William Shakespeare said: “No legacy is so rich as honesty,” and we’re inclined to agree with him. While sometimes it may seem easier to lie, teaching our children (and showing them by example) that telling the harder truth is far better in the long run than telling the initially easy lie is a powerful lesson that will serve them well throughout life . . . but it’s a hard thing to do when it seems like negative consequences so often immediately follow a truth-telling (especially when there was wrongdoing involved!). We’ve created a list of the best kids books about honesty to help illustrate the importance of honesty both short and long term and the inner satisfaction we get if nothing else.
While we generally prefer more lighthearted and clever commentaries on honesty (such as “The Grizzly Bear Who Lost His Grrrr”) to books that are more directly moralizing (such as “Telling the Truth, a Book about Lying”), we’ve included both types of books on this list to give you the full range of tools. Looking for a book about lying for a 10 year old? Try reading “The Bear Ate Your Sandwich” and use it to jumpstart a conversation on the difference between creatively using your imagination to tell a story and lying. Technically it’s a book about lying and stealing, but because you won’t discover that until the final page (and it takes an extremely light-hearted approach), you may find it gives you a shared framework in a fun way and gets your conversation started on a good note.
Honesty is a quality that is important (and issues with it, unfortunately, are prevalent) starting with toddlers and continuing on through elementary-age kids, tweens, teenagers and finally adults, so this list includes titles from a range of difficulties. Board and picture books aren’t just for young children, however, and their powerful tales of lying and stealing, honesty and trustworthiness, can speak to the soul through their silly rhyming and playful illustrations in ways a sermon or even a more reading-level appropriate book may struggle to do. It turns out that the best books about honesty for kids can also be the best books about honesty for tweens and for adults, don’t you think?
This is one of my very favorite recent books. I love the illustrations, I’m an absolute sucker for a great rhyme scheme and the message is phenomenal: friends matter more than winning, and it doesn’t pays off to be dishonest.
From the award-winning author and illustrator of Blown Away, Rob Biddulph, comes a delightfully hilarious story about a grizzly bear named Fred who loses his GRRRRR. Each year, for as long as the forest has stood, a contest is held for the bears of the wood… Fred is the champion. He’s the best. But being the best takes time and training, especially when it comes to having the loudest growl. Then, one morning, disaster strikes—Fred’s GRRRRR is gone! Oh, no! Will Fred find his GRRRRR and realize that there’s more to life than being a winner?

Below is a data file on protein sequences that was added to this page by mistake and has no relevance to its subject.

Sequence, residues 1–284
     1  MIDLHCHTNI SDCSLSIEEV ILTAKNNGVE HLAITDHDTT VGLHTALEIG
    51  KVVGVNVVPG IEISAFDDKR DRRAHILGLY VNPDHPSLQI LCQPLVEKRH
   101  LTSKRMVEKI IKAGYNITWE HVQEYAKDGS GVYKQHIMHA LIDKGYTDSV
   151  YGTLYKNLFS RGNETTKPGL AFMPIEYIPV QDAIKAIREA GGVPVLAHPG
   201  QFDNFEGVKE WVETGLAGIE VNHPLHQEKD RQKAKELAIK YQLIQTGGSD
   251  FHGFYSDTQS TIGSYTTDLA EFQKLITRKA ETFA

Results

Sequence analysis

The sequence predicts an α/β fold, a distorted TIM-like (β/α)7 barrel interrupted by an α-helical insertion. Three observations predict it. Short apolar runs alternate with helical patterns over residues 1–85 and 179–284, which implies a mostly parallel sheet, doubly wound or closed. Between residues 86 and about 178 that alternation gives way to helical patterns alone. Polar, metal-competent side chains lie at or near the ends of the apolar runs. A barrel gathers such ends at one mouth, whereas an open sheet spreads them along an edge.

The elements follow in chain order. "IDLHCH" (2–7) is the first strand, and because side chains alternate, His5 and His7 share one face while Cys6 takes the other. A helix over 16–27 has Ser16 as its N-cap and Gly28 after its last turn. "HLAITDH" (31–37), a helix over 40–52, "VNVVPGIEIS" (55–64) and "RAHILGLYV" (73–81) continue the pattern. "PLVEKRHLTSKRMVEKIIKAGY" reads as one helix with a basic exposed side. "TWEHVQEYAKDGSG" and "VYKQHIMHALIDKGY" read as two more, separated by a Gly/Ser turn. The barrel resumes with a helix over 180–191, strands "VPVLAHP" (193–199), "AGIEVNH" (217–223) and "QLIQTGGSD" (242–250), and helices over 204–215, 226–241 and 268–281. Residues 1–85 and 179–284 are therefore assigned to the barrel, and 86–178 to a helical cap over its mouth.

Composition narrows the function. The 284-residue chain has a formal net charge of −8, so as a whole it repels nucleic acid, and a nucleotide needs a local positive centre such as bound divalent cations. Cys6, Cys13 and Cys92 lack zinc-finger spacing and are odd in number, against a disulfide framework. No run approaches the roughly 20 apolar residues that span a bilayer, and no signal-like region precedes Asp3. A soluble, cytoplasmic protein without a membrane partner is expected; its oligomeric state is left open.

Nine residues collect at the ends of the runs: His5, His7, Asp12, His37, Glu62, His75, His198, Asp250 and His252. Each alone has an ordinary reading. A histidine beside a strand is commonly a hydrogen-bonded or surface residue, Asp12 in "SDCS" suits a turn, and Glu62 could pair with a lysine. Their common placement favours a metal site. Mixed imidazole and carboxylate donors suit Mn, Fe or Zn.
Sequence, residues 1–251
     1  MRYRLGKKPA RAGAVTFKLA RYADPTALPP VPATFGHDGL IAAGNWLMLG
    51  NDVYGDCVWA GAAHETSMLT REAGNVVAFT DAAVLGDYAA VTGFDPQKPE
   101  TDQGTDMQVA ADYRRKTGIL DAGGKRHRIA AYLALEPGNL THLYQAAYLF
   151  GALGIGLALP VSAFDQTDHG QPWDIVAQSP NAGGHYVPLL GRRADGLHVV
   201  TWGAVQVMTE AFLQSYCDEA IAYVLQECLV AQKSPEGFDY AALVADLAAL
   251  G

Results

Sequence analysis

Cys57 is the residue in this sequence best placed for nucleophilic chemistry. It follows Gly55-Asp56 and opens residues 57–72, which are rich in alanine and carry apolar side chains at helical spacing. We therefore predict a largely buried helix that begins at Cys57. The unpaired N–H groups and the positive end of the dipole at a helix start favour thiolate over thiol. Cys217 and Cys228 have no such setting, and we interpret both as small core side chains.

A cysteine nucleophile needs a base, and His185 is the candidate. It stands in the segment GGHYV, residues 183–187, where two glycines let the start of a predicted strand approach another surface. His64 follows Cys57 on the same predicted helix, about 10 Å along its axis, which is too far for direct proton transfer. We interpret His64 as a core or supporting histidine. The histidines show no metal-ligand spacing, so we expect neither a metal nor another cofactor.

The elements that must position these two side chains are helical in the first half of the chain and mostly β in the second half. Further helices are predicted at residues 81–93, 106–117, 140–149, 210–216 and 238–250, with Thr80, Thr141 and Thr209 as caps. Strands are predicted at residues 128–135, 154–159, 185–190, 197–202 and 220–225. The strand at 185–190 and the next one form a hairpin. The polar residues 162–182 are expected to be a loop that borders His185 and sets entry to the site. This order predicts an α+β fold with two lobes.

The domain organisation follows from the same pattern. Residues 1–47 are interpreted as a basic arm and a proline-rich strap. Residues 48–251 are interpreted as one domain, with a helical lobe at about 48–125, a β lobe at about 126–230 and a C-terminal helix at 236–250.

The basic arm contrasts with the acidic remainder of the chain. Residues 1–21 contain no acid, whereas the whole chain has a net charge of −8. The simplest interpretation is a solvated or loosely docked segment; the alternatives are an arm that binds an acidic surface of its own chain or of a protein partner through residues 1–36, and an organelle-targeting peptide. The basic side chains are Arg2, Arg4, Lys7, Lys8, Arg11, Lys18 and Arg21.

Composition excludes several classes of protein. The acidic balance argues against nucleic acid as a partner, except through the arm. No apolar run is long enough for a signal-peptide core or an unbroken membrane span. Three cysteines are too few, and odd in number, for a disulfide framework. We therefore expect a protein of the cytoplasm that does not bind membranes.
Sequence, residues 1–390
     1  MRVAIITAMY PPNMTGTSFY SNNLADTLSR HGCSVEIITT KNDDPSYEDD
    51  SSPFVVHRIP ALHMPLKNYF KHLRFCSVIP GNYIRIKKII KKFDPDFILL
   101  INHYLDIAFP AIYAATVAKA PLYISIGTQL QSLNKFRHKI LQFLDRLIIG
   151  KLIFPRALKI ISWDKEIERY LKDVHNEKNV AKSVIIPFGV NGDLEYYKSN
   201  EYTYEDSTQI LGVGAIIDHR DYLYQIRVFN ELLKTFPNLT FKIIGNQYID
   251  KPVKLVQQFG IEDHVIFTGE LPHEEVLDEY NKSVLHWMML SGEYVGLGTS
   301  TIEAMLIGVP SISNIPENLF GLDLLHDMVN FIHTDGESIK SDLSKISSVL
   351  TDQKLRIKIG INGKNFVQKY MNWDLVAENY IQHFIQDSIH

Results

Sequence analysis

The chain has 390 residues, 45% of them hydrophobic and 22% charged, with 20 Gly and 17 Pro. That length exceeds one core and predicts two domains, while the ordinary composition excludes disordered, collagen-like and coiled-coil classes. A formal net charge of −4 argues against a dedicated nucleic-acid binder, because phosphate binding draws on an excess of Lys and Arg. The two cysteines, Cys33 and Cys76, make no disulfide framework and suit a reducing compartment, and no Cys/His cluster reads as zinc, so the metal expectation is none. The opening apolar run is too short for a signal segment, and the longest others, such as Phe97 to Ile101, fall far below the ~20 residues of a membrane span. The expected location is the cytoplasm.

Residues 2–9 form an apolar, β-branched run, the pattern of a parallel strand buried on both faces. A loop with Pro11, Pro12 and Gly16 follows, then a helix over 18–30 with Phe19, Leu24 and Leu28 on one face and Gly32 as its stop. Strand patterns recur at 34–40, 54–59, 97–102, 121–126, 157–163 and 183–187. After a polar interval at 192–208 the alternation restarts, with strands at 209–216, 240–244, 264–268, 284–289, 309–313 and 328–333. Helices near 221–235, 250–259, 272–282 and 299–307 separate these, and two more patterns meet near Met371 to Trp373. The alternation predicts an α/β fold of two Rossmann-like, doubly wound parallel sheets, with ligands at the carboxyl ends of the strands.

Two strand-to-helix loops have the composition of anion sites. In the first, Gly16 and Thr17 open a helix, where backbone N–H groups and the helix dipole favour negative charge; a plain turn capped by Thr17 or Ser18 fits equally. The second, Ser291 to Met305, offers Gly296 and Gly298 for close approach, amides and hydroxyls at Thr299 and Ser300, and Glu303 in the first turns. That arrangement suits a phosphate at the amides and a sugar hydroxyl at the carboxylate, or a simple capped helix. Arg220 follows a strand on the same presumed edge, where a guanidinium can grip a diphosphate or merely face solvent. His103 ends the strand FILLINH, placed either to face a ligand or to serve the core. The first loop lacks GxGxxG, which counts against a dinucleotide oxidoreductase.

From award-winning author Beth Vrabel comes a powerfully moving story about a magical friendship, coping with disability, and the pains of growing up and growing apart. Twelve-year-old Caleb is shorter, frailer, and more protected than most kids his age. That’s because he has cystic fibrosis, a diagnosis meaning lungs that fill with mucus and a shortened lifespan. Caleb tries not to let his disorder define him, but it can be hard with an overprotective mom and a perfect big brother. Then Caleb meets Kit—a vibrant, independent, and free girl—and his world changes instantly. Kit reads Caleb’s palm and tells him they are destined to become friends. She calls birds down from the sky and turns every day into an adventure. Her magic is contagious, making Caleb question the rules and order in his life. But being Kit’s friend means embracing deception and danger, and soon Caleb will have to decide if his friendship with Kit is really what’s best for him—or her. This new paperback edition includes a Q&A with the author as well as a sneak peek at Beth Vrabel’s next middle grade novel, The Humiliations of Pipi McGee.
Bear meets sandwich, adventure ensues. . . . A sly classic-in-the-making for fans of Jon Klassen, Peter Brown, and Mo Willems.
By now I think you know what happened to your sandwich. But you may not know how it happened. So let me tell you. It all started with the bear . . .
So begins Julia Sarcone-Roach’s delicious tale of a bear, lost in the city, who happens upon an unattended sandwich in the park. The bear’s journey from forest to city and back home again is full of happy accidents, funny encounters, and sensory delights. The story is so engrossing, it’s not until the very end that we begin to suspect this is a TALL tale.
The wonderfully told story, spectacular illustrations, and surprise ending make this Julia Sarcone-Roach’s best book to date. You’ll want to share it with your friends (and keep a close eye on your lunch).
I love that this story has a wonderful message of how it takes courage to be honest, and how even if we make a mistake, we can rectify it and feel better. It teaches why lying is bad without being to blatant or preachy. The story is fun, and I think it does a great job of helping children identify resulting feelings from both dishonesty and honesty.
Laura Rankin touches on an important childhood issue of lying with gentleness and humor, offering a reassuring look at how standing up for the truth can help cut even the biggest mistake down to size.
Ruthie loves little things-the smaller the better. So when she finds a teeny tiny camera on the school playground one afternoon, she can hardly believe her luck. She wants to keep the camera in the worst way, but there’s one little problem: It isn’t hers.